Step 5: Drilling A Line Or Grid

Picture of Drilling A Line Or Grid
This is where we really get down to business and find out if all of our careful planning and dust avoidance has payed off. Speaking of dust avoidance...

1) Remove any dust or drill shavings from the area.

2) Figure out how many cards you need to space your holes (center to center). For my example 3 of my business cards gives me 3/64" (1.2mm) distance.

3) Count out that many cards and put them between the jig and the drilling subject.

4) Drill your next hole.

5) Clean up your drill shavings.

6) Repeat steps 3,4 and 5 by adding layers of cards and drilling until you have as many in your row as you need. Be sure not to miscount the cards. (I did this more than once during practice and it will throw off your spacing and can cause spontaneous face palm.)

If you're just doing a line, then you're done!

If you want a grid, you need to make another line, offset from the first. Repeat the steps above, but also put cards at right angles to the first set. This will offset your material in two directions.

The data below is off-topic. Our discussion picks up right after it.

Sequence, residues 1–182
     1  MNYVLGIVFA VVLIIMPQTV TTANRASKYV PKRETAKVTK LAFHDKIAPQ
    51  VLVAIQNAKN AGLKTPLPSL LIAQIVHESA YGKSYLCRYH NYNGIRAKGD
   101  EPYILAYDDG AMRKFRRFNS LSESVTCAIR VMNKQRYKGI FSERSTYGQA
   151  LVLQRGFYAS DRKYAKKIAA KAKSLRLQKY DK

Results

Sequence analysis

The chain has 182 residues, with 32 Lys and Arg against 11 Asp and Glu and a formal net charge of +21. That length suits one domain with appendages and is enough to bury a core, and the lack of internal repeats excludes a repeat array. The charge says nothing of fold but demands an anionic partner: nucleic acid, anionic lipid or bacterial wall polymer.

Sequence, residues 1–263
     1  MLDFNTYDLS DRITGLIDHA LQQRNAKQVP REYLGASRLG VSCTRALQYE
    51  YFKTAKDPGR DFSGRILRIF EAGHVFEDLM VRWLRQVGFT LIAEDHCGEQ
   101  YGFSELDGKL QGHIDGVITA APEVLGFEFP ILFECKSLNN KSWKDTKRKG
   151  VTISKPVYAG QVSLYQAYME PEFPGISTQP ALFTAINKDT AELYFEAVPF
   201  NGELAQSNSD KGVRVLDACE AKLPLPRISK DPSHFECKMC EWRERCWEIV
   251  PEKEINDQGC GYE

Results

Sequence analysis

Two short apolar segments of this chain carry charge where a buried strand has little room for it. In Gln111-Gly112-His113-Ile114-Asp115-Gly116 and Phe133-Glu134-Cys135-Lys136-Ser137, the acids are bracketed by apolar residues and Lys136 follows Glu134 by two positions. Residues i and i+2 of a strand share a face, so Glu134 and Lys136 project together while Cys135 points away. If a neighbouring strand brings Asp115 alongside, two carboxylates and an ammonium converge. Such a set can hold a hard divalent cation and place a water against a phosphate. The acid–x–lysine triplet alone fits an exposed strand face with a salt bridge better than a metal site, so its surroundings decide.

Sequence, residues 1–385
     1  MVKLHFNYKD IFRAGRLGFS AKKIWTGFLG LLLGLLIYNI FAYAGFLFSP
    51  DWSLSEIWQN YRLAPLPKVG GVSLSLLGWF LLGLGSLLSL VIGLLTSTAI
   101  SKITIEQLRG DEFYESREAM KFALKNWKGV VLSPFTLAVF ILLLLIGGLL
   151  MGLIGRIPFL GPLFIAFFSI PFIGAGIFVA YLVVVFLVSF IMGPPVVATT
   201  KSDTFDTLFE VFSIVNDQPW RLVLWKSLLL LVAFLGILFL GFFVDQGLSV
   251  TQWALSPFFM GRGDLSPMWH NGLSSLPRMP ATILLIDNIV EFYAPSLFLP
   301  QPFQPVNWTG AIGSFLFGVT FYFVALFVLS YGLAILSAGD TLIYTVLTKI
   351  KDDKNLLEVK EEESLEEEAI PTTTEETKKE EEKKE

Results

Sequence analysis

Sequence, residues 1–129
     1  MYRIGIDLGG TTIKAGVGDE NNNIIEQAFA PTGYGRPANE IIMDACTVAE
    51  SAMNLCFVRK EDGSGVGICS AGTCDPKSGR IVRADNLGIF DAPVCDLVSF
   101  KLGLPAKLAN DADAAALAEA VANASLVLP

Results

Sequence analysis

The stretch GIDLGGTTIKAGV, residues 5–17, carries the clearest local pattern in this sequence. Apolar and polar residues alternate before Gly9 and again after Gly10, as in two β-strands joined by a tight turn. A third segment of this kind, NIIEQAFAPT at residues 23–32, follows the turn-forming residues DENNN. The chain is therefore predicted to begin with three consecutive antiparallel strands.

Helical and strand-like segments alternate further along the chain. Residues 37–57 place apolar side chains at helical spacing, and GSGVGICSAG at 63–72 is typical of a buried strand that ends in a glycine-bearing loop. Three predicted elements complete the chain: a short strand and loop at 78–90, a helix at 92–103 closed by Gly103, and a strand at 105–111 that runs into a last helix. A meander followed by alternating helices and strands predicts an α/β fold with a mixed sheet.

For advanced users you can draw a pattern using different numbers of cards and drill bit sizes. Like this amazing project, only smaller.

To do this at a larger scale size everything up and use sheets of plywood or square doweling as spacers. It makes the whole thing easier since you don't have to worry about sawdust or your drill press moving fractions of a millimeter.

Anything unclear? Ask in the comments and I'll try to help.

Very good idea! I might use a round head woodscrew instead of card on one side. Measure the pitch of the thread and screw or unscrew one complete turn if the distance you require is one pitch. Fraction it if you want anything different.

Put two screws in one face and one in the other. This keeps the three-point location rule.

The gap the screw-heads create will also take care of any swarf or shavings that slip down the sides.

Card is probably simpler though!

Well done 'ible. I appreciate the sketchup drawings to fill in forgotten photos.

dombeef4 years ago
For the last picture you could use a presured air can to get the burs out
Battman5 years ago
Great idea! Worthy of the Galactic Institutes' prize for extreme cleverness.
desertdog5 years ago
Very good idea. I will use that.
JimmyM5 years ago
You can also use resharpened carbide drill bits. I found a big set on eBay for ~$25. Thay have 1/8" shanks and the resharpened ones work just fine. Plus they last many many times longer than steel wire gauge bits when drilling FR4 and you don't need a Dremmel chuck, the 1/8" shanks fit the standard collet. The only drawbak is that they break really easily if you side-load them. The drill press prevents this.
jeff-o6 years ago
Ah, very clever idea!